By Jeff Compton
April 12, 2018
Do some digging, and you’ll find there isn’t much accounting guidance for the presentation of intercompany accounts. To help remedy this, we performed our own survey of public company reporting.
Intercompany transactions between related parties are fairly common in the normal course of business. Examples of these include i) services received or furnished, such as accounting management or legal services; ii) borrowing, lending, and guarantees; iii) maintenance of compensating bank balances for the benefit of a related party; and iv) intra-entity billings based on allocations of common costs.
We analyzed 10-K company filings made in 2016, and found that 57 companies included a reference to both “intercompany receivable” and either “minority” or “non-controlling” interest. This indicated that not all their subsidiaries were wholly owned.
While intercompany transactions are eliminated for purposes of consolidated financial statements, 48 of these 57 companies still provided supplemental disclosures showing the amounts of the parent company’s intercompany receivable and/or payable balances. Looking at those disclosures a little more closely showed that, for 18 of the 48 companies, the parent company held a net intercompany payable. This means that, of those companies analyzed, the parent company owed the subsidiaries more than the subsidiaries owed the parent more than a third of the time. The subsidiary owed the parent 52% of the time, while 10% of the reports had no balance showing. Interest was charged on the intercompany balance 46% of the time.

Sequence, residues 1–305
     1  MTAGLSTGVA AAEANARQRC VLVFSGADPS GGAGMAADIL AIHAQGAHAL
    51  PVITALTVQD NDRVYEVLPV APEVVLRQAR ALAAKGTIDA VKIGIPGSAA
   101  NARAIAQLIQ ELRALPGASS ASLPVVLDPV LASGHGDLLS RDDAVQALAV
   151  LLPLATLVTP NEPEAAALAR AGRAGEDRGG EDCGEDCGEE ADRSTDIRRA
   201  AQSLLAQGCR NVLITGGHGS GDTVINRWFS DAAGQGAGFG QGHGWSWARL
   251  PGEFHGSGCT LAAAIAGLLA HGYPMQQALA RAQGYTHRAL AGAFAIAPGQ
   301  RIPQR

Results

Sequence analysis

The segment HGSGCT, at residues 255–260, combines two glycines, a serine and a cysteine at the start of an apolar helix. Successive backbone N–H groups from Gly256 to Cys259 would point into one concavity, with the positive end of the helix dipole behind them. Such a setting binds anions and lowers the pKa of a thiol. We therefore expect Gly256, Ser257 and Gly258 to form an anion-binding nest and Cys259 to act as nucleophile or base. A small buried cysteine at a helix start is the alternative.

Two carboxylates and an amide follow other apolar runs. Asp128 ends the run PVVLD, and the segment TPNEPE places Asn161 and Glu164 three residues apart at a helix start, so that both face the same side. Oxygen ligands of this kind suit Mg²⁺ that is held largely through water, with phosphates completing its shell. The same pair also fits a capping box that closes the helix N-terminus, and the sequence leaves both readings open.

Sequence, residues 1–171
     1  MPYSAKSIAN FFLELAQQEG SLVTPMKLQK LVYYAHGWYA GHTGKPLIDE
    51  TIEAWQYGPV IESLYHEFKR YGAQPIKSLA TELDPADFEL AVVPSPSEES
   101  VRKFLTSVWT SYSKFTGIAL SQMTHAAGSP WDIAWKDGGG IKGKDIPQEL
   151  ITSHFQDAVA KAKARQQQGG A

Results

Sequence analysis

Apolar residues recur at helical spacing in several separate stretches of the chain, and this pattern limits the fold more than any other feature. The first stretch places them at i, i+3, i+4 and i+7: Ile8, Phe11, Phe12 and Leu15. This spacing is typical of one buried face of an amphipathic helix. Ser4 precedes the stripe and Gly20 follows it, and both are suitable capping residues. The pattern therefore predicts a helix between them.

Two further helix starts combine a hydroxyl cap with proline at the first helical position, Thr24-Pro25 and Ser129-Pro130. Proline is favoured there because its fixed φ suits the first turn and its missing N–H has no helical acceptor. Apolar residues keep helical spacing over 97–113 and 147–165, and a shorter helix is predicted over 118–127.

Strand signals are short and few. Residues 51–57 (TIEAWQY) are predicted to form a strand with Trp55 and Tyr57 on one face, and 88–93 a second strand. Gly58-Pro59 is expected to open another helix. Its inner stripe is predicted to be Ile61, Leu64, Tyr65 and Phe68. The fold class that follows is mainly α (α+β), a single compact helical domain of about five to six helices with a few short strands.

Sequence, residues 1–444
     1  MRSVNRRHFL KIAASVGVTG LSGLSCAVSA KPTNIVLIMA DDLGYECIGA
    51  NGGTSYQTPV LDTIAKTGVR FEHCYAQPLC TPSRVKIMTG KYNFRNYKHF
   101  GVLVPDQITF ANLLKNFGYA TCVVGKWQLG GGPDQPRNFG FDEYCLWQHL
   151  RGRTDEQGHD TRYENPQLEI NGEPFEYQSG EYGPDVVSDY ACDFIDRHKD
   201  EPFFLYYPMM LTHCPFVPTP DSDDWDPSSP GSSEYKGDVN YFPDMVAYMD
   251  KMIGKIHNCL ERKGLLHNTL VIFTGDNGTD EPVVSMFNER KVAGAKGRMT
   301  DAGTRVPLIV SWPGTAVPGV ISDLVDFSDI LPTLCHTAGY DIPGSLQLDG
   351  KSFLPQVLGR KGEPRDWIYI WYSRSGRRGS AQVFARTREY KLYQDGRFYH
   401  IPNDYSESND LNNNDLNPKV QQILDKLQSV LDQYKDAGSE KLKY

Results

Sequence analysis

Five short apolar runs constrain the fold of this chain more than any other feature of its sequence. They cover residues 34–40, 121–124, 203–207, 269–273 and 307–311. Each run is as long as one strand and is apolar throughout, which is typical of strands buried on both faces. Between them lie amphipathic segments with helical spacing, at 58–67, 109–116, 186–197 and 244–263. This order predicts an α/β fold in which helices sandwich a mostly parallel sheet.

The survey shows us the range of presentation used for intercompany accounts, tells us how often the parent owes the sub or vice-versa and how often interest is charged on intercompany accounts. How this information is presented, and perhaps more obviously, the fact that it’s presented at all, provides greater insight into intercompany balances generally, and allows for a more detailed analysis.